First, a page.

After the ugly loss to Sacramento, Pelicans coach Monty Williams seeks a better effort on the road at Atlanta and Washington _lowres

Advocate staff photo by A.J. SISCO -- Pelicans forward Anthony Davis works the ball up the court against Sacramento forward Jason Thompson at the Smoothie King Center in New Orleans on Tuesday, Nov. 25, 2014.

The New Orleans Pelicans had just come back from breaking even on their four-game road trip against Western Conference foes, a step forward considering how the team had fared in previous trips of the sort. Facing a home game against Sacramento, the Pelicans were two games over .500 and had a chance to build some momentum.

Now, after a listless performance against the Kings on Tuesday that coach Monty Williams said was the Pelicans’ worst effort of the season, they head on the road with questions about effort and playing the right way for two games against dangerous foes.

The Pelicans (7-6) play the Atlanta Hawks (7-6) on Friday night, then visit the Washington Wizards (9-5) on Saturday.

“We played (Atlanta) in the preseason,” Williams said. “We feel we matched up well against them. At the same time, this is more about us than anything. We have to get back to bringing that hard-hat juice we’re typically known for here. We had a big discussion about (how) we shouldn’t have to coach effort, and the guys to a man agreed that wasn’t the kind of effort we want to show our fans and show each other.”

A key part of the Pelicans not playing the right way hinged on not sharing the ball, which resulted in star forward Anthony Davis on Tuesday attempting just 12 shots, making four. In the team meeting, Williams said he wants Davis to get 20 shots per game. He was averaging 18 shots and 26.3 points.

Davis said Wednesday that a lot of that may have been on him. He had flu-like symptoms that had him so weak, he couldn’t talk. On Wednesday night, Davis said he still had a sore throat.

“But that’s no excuse,” he said. “I was on the floor.”

They will go against a Hawks team that is capable of showing the Pelicans the right way. Under coach Mike Budenholzer, a disciple of the San Antonio Spurs’ Gregg Popovich, Atlanta ranks fourth in the NBA in assists per game at 24.4. They have assisted on 64 percent of their baskets, which is third in the NBA and leads the Eastern Conference.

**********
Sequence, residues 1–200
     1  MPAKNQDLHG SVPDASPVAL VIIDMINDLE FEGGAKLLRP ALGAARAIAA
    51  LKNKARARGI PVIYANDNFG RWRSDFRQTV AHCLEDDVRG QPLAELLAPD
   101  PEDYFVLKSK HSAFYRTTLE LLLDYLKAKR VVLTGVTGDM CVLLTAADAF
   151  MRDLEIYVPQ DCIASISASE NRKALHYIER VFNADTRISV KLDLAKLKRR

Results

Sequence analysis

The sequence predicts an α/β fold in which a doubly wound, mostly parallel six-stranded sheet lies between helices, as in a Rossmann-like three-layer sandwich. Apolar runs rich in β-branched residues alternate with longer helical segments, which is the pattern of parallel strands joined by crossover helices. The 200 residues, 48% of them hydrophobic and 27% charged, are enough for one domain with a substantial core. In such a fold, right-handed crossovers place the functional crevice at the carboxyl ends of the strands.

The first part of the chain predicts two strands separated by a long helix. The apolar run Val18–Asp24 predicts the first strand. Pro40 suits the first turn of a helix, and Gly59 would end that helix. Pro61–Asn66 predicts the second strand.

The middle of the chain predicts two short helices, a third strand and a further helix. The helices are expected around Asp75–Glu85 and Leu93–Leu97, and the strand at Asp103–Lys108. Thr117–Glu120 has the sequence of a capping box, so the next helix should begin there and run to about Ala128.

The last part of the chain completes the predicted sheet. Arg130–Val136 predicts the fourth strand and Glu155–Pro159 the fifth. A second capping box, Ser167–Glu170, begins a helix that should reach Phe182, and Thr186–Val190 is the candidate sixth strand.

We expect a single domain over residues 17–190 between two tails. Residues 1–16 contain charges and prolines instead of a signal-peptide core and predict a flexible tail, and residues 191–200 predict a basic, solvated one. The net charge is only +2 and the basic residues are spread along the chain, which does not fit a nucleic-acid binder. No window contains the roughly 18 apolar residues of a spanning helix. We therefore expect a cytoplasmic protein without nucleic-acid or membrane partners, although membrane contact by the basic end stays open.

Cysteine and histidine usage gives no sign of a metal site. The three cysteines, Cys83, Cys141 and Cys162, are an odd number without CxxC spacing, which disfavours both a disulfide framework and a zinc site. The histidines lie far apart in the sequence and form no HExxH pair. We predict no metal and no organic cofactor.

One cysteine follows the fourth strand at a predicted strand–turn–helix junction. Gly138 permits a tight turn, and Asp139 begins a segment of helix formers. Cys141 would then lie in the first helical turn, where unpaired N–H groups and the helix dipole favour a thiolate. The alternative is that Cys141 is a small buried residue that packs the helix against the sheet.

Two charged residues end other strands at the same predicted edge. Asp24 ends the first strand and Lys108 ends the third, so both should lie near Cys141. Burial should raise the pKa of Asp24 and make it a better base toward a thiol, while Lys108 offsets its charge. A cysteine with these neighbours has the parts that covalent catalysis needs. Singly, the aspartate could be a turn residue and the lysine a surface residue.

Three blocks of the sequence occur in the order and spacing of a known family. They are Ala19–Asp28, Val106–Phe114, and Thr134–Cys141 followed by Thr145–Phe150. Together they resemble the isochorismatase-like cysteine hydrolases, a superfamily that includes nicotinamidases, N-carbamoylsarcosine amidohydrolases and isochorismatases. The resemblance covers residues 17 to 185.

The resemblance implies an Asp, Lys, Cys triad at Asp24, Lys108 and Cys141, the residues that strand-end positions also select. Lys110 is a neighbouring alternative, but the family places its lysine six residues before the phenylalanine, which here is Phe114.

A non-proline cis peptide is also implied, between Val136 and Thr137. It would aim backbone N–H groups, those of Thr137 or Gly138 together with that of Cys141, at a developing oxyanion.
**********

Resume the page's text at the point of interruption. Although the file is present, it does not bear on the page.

“They share the ball and have guys that are versatile,” Williams said. “They have a number of guys who can shoot the ball — (guard) Kyle Korver, (forward Mike) Scott, (power forward Paul) Millsap, (forward DeMarre) Carroll, (point guard Jeff) Teague. They run a lot of San Antonio concepts that you have to have great multiple-effort defensive plays.”

With a relatively small lineup, the Hawks have the quickness to get after foes. In a 106-102 win at Washington on Tuesday, Atlanta forced 25 turnovers and scored 32 points off them. Its ability to get turnovers and hit 3-pointers on the break is a big concern, Williams said.

For the Pelicans, there may have been a diamond in the rough against Sacramento. At the start of the second quarter with the Pelicans trailing by 15, Williams tried a unit he said he hadn’t envisioned putting on the floor together: backup center Jeff Withey, power forward Ryan Anderson, small forward Luke Babbitt and guards Austin Rivers and Jimmer Fredette.

They trimmed the lead to three, and the teams wound up going into halftime tied.

“They played harder, gave us some energy and it kind of sent a message to the team like ‘That’s how we have to play,’ ” Williams said. “Sometimes your starting unit isn’t going to have that kind of juice. I thought (the backups) did a decent job. At the same time, that’s what you want the bench to do. But our starters can’t start the games (trailing 12-2) like that.”

When the Pelicans play the Wizards the next night, it will be the third consecutive time they have had back-to-back road games. The Pelicans lost both games against Washington last season, but both came after they were ravaged by injuries. Nonetheless, the games underscored the Pelicans’ need for a big, strong center: Washington’s Nene and Marcin Gortat were bruising in their effectiveness against them.

NOTES: Nene has missed the past two games with right plantar fasciitis. ... With Wizards guard Bradley Beal out six weeks with a fractured left wrist, Baton Rouge native and former LSU guard Garrett Temple became the starter. He averaged 6.9 points but is known for defense, and Washington went 7-2 before Beal’s return. Temple is still in the starting lineup as Beal works into better shape. … Five Wizards average double figures in scoring: John Wall (19.4), Beal (15.8), Paul Pierce (13.2), Gortat (12.5) and Nene (10.6).